BIMI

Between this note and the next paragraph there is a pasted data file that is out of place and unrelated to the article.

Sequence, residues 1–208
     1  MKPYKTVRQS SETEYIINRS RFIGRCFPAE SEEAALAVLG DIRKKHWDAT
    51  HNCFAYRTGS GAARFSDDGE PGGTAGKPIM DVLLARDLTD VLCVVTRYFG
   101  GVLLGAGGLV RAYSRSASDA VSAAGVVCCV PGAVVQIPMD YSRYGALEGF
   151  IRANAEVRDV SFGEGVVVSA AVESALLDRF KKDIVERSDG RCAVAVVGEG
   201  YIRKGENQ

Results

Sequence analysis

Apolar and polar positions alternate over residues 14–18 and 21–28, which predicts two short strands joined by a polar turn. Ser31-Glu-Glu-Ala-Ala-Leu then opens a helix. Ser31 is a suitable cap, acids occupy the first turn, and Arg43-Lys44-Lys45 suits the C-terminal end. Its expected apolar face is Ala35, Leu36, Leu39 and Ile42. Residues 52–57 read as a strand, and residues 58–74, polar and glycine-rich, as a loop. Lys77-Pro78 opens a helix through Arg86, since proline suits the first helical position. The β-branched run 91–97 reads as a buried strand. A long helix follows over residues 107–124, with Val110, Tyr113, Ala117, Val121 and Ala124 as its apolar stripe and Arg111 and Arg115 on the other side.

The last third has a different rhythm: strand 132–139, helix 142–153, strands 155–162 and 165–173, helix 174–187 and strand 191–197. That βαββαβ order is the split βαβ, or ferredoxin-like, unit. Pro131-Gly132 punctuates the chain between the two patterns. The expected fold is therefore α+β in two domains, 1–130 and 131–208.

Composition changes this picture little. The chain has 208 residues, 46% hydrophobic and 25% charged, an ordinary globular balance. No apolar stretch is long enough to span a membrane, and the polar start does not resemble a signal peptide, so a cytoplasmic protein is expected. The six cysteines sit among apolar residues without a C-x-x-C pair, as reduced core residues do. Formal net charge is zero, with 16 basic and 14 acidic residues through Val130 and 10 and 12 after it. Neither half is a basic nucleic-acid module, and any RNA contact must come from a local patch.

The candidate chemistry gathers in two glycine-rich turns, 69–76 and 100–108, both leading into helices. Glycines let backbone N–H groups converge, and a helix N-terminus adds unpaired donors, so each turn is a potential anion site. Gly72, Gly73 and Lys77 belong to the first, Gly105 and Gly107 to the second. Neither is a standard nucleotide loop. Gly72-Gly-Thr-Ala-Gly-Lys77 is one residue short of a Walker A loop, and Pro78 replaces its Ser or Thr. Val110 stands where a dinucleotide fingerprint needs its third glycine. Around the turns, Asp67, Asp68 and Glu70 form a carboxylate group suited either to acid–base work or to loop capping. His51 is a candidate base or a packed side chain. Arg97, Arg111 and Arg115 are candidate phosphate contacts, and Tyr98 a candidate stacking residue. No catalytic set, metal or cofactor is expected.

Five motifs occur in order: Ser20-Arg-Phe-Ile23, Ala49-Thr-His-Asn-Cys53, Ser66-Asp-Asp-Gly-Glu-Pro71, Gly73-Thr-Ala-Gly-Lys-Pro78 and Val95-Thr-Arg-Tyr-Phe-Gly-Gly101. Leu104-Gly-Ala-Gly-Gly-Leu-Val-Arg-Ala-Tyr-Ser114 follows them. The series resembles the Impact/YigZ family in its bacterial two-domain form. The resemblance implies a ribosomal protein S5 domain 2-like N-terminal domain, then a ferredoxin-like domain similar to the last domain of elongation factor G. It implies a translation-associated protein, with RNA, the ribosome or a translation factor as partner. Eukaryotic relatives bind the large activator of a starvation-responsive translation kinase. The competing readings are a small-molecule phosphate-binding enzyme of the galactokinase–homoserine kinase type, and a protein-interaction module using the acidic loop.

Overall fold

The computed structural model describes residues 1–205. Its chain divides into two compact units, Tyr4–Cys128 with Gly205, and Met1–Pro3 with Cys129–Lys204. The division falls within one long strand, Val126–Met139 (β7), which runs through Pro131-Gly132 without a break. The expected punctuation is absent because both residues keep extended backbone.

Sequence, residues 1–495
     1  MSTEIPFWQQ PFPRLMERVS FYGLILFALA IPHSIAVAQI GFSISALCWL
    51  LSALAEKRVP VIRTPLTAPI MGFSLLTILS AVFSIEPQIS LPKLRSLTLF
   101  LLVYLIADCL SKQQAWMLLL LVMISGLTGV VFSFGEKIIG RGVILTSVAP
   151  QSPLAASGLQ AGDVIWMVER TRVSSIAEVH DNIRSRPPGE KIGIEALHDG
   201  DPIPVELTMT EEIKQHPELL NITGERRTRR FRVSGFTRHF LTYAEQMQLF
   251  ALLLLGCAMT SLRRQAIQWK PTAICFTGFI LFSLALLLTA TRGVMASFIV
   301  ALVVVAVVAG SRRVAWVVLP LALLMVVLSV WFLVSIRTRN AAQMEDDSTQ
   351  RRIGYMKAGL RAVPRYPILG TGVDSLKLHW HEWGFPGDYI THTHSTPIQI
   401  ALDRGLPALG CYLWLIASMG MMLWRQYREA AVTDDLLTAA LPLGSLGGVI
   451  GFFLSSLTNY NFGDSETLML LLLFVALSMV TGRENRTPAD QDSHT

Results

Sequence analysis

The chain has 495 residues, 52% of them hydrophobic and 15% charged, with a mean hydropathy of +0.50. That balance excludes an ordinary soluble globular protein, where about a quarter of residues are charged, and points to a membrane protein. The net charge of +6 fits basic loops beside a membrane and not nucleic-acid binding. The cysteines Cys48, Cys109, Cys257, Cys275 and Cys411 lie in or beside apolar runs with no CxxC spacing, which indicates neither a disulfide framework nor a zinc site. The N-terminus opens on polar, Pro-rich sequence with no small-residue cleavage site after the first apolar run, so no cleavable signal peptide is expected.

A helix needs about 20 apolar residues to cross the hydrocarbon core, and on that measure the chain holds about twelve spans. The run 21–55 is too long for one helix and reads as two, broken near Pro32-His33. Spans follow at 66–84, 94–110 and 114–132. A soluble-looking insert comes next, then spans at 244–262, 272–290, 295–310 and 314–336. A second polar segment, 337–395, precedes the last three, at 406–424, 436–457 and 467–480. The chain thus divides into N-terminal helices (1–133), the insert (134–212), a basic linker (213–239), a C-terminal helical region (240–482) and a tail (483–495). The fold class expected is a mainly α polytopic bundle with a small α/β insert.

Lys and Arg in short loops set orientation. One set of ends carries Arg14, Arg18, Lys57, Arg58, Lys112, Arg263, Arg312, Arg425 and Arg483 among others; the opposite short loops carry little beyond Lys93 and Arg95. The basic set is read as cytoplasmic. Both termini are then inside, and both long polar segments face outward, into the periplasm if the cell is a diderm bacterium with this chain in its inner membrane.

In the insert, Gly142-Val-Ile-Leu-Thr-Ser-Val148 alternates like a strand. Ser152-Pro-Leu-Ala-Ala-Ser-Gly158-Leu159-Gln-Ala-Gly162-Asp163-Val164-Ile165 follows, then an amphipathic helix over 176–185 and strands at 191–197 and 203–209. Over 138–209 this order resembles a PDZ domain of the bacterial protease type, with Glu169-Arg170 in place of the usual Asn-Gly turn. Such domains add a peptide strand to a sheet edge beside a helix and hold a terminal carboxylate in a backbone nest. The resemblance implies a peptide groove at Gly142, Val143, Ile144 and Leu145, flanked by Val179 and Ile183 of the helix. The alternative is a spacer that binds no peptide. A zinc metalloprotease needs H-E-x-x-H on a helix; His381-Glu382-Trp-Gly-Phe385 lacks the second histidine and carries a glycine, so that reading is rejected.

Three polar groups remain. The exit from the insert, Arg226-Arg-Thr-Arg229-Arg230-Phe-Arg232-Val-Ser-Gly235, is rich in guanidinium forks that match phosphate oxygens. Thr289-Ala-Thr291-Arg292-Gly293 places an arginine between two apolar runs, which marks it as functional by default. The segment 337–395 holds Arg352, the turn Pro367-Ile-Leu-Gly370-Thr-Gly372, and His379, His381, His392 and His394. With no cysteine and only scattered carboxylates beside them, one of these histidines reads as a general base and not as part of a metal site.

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Iraq and Afghanistan, in the field for training or away for duty or other training. Without even realizing it, I found myself in the rat race of life and worried more about possible promotions and flying upside down. I was miserable. Our family has moved 9 times in the past 16 years, which alone is time consuming. Speaking of family, I think it safe to say that most people dream about what they picture their future to look like…home, spouse, kids, pets, career, etc. I know my wife and I did. Ironically, the older I get, the less the developing picture looks like the still-frame I had originally envisioned. However, God’s picture is what’s coming into focus and it’s so much better than I’d ever be able to dream of. My dreams would have never included a miscarriage, years of medically unexplained infertility and the pain and heartache accompanied by each of these. Yet, without having gone through these difficulties, I may never have had the opportunity to understand what adoption is all about. Our lives have been changed forever, twice over, due to the miracle of adoption. We’ve also been able to walk down some difficult paths with others experiencing the same trials. Life is short. We have had several friends, our age or younger, pass away in the last few years. No one is guaranteed tomorrow. Let those you love know that you love them…today!  Life is more a marathon than a constant sprint…pace yourself! The old adage “It’s better to burn out than to rust out” is terribly deceiving…both burning out and rusting out lead to the same results…. you’re out! In 2009, I ran a marathon in Virginia Beach. As I passed the halfway point (13.1 miles) I was ready to call it a day. Then, I passed a hotel marquee that read, “Pain is temporary, quitting is forever!” At that very moment, I determined, I was not going to quit. I had trained too hard for too long not to complete what I started. I just couldn’t! In life, we can easily get so worn down that we just want to throw in the towel. The towel may be your ministry, marriage, family aspirations, career, something too personal to share, and maybe even your very faith. Life can rock us harder than we can ever think possible. Often we begin to question God as the walls start closing in. “Friends” and family may abandon us and the organized church may even condemn us for “not having enough faith.” Can I remind you that many biblical heroes, from both ancient and more modern times have battled the same “demons” in their own lives? God is faithful and has promised to NEVER leave us! If you’re there today, take heart—you’re never alone even in the darkest times. If you’re tired of sprinting, it’s okay to walk. It’s also okay to sit and rest a while until you are renewed.  Ministry work, whether vocational or voluntary, is rewarding…but if you sacrifice any of the above areas, for any reason, you’ve missed the point. Many people of faith have had an amazing impact on my life. Sadly, some of these have later abandoned ship, spiritually speaking. Some have become so focused on peripheral elements or on building their own kingdom, they have lost their ministry, marriage or their children, often for good. The need to keep a vibrant relationship with God, followed by a healthy family can’t be stressed enough. ‘ We will all face overwhelming personal struggles… there’s no way around it. Don’t be afraid to admit your weaknesses or failures. It’s okay to ask for help! What you do with these struggles is your choice! During the last few years, due to several factors, including deployments and work stress, I have been in a personal battle with Posttraumatic Stress Disorder (PTSD) and depression. I’ll never forget the Sunday morning that a fellow chaplain (a colonel that I didn’t know very well at the time) came up to me after I finished preaching and asked if I’d seen anyone about my PTSD. I blew him off and told him that I felt fine. A few weeks later, he followed up and asked me when my appointment was. Not having made one, I took this as my cue to get on the ball and meet with someone to discuss the issues I was dealing with. This was literally the start of a life changing period of time. In December 2014, I came home from work one night to an amazing dinner and dessert. Then my wife told me she wanted to talk about something. (I immediately thought she must have wrecked the van!) She said, “I called the Pastor today.” I asked, “For what?” She said, “To set up a time to meet with him. If you don’t want to come with me, I’m still going by myself. I can’t live like this anymore.” I instantly became internally angry and stormed off. I didn’t say much to my wife over the next few days, but I knew she was right. Enough was enough. I had put my family through torment, but no one on the outside had any idea. It was time to give it all up and start on the road to restoring a new normal in life. I am forever grateful to my wife, my Pastor and to a few dear family members and friends who were willing to walk the path with me. Thank God for forgiveness, restoration and second chances! A final word: As I hit the top of the hill, I have no idea what the future holds. However, I do know that God is faithful, and I can rest in the fact that His way is best. I pray these ramblings of an aging (note: I’m not old) man may speak some truth that will impact your life. Pro Deo et Patria! For God and Country! Chaplain (CPT) Cliff Jones (CB I ’96, SM ’97, CB II ’98) is a chaplain in the US Army Reserves and for the Federal Bureau of Prisons in New Jersey. He and his wife, Wendy, advocate for the importance of adoption in the church. 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